Meanwhile, players would need to have the suitable mod packs installed or they could have more or less than what's needed.

If the steam framework is applied to such a case, we'll probably be able to have it all handled automatically for us and fly on all servers with a single installation of the sim, instead of having to manually update our mod packs and installing each one on top of a separate stock installation.

I'm not going to lie, i'm not very enthusiastic about the inclusion of steam in the bundle, but this is definitely its main saving grace as far as i'm concerned and a feature that might have a lot of positive outcomes for us all sometime down the line.

I know this explanation is not directly anti-cheat related, but i think it touches on the important bit: controlling cheating while differentiating between cheats and legitimate mods, so that player created content can flourish.

If the steam framework is applied to such a case, we'll probably be able to have it all handled automatically for us and fly on all servers with a single installation of the sim


Understood Blackdog, and yes I'd agree that it is an advantage of Steam and very expedient if things can indeed be done this way. Not a great techie or well versed with server lore, and I'm struggling to see the difference between the old IL-2 CRT=2 checks and VAC, was hoping that VAC would be more rigorous and thorough? Perhaps it is.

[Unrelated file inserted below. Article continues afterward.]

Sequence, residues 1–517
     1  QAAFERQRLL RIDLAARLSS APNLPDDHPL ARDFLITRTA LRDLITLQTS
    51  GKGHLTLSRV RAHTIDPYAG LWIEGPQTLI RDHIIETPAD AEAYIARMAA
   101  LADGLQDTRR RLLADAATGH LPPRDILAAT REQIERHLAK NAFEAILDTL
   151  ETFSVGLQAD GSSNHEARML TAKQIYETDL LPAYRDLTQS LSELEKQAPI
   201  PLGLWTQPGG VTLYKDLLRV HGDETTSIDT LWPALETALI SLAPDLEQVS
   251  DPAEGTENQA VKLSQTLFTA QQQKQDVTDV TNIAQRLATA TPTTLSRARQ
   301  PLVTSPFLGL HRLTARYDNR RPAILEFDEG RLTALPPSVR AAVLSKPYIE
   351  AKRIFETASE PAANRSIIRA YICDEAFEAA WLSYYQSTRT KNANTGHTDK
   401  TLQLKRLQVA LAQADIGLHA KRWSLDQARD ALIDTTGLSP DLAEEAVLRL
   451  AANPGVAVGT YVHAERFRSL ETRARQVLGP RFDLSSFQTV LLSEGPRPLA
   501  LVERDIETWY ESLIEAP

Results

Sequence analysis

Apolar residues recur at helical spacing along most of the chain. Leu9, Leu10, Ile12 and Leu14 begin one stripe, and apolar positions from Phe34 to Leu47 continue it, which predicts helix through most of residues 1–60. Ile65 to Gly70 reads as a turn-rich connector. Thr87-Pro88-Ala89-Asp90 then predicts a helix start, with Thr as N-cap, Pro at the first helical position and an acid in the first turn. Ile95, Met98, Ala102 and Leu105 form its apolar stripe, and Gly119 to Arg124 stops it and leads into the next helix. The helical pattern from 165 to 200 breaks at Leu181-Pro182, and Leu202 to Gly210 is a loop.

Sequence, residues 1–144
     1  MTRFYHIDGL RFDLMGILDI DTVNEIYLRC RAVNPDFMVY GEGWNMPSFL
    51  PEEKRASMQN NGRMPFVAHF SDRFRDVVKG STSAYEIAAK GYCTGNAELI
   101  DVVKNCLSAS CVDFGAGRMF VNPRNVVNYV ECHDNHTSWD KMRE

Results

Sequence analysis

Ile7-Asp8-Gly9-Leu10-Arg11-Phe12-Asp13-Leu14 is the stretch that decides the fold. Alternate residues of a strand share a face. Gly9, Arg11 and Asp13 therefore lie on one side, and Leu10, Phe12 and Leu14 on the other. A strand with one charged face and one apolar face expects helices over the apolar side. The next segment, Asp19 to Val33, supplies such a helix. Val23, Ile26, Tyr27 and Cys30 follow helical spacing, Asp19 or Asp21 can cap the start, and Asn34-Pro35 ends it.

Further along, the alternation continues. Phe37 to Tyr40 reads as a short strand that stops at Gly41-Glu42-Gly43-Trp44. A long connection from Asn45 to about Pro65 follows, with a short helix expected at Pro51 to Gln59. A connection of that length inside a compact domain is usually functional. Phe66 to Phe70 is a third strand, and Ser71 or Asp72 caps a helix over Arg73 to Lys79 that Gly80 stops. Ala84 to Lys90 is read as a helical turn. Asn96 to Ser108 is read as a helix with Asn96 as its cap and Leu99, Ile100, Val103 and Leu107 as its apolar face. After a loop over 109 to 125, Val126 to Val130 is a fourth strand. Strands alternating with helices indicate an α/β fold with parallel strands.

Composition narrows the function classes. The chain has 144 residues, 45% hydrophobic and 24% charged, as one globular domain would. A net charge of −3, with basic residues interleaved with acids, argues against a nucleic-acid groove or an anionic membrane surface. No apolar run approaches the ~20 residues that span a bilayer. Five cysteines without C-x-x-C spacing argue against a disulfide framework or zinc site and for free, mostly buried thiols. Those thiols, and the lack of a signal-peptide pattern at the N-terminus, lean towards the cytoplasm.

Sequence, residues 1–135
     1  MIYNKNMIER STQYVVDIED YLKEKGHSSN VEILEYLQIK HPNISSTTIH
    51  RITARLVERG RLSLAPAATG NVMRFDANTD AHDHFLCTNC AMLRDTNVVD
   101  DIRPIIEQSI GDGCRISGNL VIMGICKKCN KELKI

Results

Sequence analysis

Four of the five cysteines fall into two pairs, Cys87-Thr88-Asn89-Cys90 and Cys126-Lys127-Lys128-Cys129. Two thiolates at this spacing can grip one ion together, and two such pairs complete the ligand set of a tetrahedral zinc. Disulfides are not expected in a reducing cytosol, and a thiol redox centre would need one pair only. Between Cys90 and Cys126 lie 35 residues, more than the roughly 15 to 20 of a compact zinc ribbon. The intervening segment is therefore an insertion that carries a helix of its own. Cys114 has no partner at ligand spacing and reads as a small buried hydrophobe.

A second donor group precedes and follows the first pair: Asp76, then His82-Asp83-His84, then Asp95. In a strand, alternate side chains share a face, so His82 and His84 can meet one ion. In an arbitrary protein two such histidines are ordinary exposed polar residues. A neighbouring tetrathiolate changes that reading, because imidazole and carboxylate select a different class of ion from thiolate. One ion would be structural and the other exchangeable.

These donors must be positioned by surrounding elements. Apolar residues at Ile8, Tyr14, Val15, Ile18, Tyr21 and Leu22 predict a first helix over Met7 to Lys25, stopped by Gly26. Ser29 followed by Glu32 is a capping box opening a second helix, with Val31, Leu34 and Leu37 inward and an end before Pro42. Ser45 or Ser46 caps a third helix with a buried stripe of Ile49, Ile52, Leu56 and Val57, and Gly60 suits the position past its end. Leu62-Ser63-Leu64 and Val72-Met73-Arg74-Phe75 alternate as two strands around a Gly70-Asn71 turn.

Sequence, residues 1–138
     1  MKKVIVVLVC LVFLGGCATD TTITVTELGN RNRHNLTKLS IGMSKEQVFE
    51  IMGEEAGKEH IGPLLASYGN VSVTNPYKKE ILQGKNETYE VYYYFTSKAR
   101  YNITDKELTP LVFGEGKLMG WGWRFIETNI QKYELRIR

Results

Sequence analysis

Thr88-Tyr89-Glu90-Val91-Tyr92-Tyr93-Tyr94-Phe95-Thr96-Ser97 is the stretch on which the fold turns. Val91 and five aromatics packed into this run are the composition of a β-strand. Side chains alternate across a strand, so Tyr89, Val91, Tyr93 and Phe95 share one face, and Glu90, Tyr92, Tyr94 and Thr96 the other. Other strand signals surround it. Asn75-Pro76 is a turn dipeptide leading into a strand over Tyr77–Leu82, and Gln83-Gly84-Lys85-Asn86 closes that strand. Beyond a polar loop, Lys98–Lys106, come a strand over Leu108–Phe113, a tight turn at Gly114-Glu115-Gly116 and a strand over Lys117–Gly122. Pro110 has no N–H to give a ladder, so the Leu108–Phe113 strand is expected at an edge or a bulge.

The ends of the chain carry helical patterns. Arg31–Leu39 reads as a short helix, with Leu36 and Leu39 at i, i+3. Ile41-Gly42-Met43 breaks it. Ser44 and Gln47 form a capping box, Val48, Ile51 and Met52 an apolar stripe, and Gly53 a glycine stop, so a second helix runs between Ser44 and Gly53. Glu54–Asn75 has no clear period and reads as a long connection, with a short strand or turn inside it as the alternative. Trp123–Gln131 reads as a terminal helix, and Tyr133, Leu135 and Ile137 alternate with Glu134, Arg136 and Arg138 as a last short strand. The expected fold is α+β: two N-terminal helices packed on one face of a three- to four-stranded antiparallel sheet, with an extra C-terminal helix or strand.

Not a very enthusiastic response to the thread lol, maybe if had titled it with a more incendiary and dramatic tabloid-esque 'Cheating Scum must be Found!!! Can VAC thwart their EVIL PLANS???!!!' or something similarly ridiculous, there may have been more replies. Methinks no one cares, and judging by worldwide MP participation atm, its not really a surprise.

When it does get on its feet and working, I think the fact it was so easily hacked will resurface and there will be more community concern; but the modders are probably having too much fun playing with their ingenious 'Particle displacement Kannonz' and more 'agreeable' performance figures etc....So meh.

Joke btw, I know most modders are honourable and (some) can do great and worthy things for the community.......It's just the completely amoral (and to be fair minority) *bleep* head brigade who worry me at times. Off with their virtual heads!

Last edited by RCAF_FB_Orville; 08-08-2011 at 08:15 PM. Reason: *spelling